Posts for tag: bottle mouth
Don’t Drink in the Bed! - All About Baby Bottle Tooth Decay
Baby bottle tooth decay occurs when bacteria on the teeth, created from sugars in foods and beverages in the diet, form an acid that damages the tooth enamel. This acidic damage can lead to cavities and even infection and pain in your child.
Baby bottle tooth decay, or bottle mouth, gets it name from the prevalence of young children that suffer from cavities and decay primarily on their front top teeth, usually caused by going to sleep with a bottle or constantly drinking sugary beverages from a bottle. As the infant or child sucks the milk, juice, soda, etc., from a bottle, sugar sits on the front teeth, and bacteria use this sugar to form the acid that attacks the enamel.
If detected early, your pediatric dentist can apply a fluoride varnish to the affected areas to stop further damage. However, once the enamel has been severely damaged, and brown spots and cavities are visible, more restorative treatment will be needed.
Contrary to what many believe, baby teeth do matter. You don’t want your infant or young child to lose their teeth prematurely due to cavities. Baby teeth serve as placeholders for permanent teeth. When lost prematurely, the spacing of the permanent teeth can be affected, possibly leading to misaligned permanent teeth and the need for more extensive orthodontic treatment. Young children that lose their baby teeth prematurely may also have a more difficult time eating a nutritious diet – and we all know that’s hard enough to do with all their teeth!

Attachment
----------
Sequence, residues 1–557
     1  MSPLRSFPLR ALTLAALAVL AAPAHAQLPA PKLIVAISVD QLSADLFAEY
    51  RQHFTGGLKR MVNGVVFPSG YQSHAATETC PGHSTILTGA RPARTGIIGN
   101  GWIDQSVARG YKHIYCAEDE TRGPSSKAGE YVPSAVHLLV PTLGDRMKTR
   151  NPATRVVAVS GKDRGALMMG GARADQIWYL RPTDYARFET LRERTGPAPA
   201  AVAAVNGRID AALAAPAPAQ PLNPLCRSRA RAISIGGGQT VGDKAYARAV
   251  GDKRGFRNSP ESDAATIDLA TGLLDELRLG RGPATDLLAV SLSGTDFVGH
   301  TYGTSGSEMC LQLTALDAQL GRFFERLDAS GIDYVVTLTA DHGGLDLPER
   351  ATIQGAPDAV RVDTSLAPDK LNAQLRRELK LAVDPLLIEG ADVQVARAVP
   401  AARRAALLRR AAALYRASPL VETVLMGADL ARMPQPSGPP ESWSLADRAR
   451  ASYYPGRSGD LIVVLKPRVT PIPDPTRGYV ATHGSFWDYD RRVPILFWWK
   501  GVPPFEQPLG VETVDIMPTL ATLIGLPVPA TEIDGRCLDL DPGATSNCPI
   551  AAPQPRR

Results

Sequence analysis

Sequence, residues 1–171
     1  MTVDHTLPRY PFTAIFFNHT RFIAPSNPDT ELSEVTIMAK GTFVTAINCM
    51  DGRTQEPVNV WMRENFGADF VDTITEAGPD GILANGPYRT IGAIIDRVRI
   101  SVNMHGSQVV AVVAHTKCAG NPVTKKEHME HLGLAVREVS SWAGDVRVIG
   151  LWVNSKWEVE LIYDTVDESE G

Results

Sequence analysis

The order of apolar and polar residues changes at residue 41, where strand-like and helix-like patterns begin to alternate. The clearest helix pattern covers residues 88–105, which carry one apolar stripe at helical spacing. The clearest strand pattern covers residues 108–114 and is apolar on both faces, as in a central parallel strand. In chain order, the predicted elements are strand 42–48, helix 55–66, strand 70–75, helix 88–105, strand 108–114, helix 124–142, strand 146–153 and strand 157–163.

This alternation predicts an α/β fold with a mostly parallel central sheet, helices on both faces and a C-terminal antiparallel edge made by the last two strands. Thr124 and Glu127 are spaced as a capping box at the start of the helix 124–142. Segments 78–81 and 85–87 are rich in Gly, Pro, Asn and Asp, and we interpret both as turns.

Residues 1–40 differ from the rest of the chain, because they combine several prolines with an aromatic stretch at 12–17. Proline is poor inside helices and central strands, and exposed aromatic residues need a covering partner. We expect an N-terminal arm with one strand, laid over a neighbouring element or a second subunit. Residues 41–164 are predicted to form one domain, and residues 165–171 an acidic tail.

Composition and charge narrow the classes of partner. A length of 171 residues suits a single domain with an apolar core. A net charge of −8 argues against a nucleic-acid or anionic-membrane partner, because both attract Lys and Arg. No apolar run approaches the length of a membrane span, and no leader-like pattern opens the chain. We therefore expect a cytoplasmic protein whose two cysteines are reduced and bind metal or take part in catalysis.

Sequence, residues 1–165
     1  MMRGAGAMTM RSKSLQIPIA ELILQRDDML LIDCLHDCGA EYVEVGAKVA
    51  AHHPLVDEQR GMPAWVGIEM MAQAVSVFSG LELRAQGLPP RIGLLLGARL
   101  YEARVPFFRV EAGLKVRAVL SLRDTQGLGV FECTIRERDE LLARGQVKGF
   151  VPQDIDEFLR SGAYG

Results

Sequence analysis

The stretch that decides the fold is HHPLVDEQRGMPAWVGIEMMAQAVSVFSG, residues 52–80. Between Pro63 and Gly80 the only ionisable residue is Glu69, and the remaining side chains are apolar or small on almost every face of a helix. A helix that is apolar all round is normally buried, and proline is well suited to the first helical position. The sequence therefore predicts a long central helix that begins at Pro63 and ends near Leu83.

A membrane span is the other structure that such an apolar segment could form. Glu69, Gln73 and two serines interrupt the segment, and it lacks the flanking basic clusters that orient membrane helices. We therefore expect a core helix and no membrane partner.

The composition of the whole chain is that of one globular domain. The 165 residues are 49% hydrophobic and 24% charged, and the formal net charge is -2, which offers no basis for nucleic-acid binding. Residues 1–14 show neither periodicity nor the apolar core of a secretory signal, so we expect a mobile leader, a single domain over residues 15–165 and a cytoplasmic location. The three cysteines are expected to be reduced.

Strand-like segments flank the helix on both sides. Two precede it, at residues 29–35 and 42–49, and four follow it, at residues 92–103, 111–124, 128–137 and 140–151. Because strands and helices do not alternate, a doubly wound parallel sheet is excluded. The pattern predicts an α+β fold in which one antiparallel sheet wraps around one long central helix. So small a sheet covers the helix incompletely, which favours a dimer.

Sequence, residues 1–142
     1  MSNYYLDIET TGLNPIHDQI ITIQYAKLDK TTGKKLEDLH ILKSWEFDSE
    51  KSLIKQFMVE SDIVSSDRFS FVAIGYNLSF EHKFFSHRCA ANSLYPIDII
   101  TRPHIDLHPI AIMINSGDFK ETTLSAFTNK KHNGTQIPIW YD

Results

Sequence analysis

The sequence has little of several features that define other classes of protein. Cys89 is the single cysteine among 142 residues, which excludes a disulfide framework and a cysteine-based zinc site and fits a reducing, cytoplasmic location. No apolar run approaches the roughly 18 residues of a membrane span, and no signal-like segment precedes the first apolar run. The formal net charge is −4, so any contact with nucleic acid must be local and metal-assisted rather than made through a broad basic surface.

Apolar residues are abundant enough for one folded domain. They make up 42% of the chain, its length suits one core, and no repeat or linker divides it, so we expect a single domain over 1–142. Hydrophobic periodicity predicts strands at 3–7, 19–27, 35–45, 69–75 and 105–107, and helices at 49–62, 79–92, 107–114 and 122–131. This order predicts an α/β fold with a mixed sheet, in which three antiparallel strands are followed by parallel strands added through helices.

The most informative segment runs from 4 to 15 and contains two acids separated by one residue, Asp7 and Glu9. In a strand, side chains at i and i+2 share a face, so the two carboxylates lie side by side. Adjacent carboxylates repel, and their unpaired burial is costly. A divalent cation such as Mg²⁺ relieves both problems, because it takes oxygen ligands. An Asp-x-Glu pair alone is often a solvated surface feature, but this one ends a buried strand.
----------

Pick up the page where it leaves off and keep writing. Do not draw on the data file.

Tips for Preventing Baby Bottle Tooth Decay:
- Never put your child to bed with a bottle or sippy cup containing anything but water. (Even milk, formula and breast milk contain sugar that will cause the bacteria to create the acid that sits on the teeth and erodes the enamel.)
- Introduce a sippy cup to your child by 6 months old and try to ditch the bottle by 1 year old.
- Limit acidic foods in your child’s diet, especially juices.
- Brush your child’s teeth before bed or wipe your infant’s gums. Removing any sugar from the surface will help prevent bacteria from eating away at the enamel all night.
*Once you have brushed your child’s teeth before bed, only offer water to drink. If your child has a snack or drinks anything other than water, be sure to brush again!
As always, Anderson Pediatric Dentistry is here to help you with any questions you may have! Our dedicated team can help you come up with strategies for eliminating bedtime bottles and for preventing and treating tooth decay in your young children.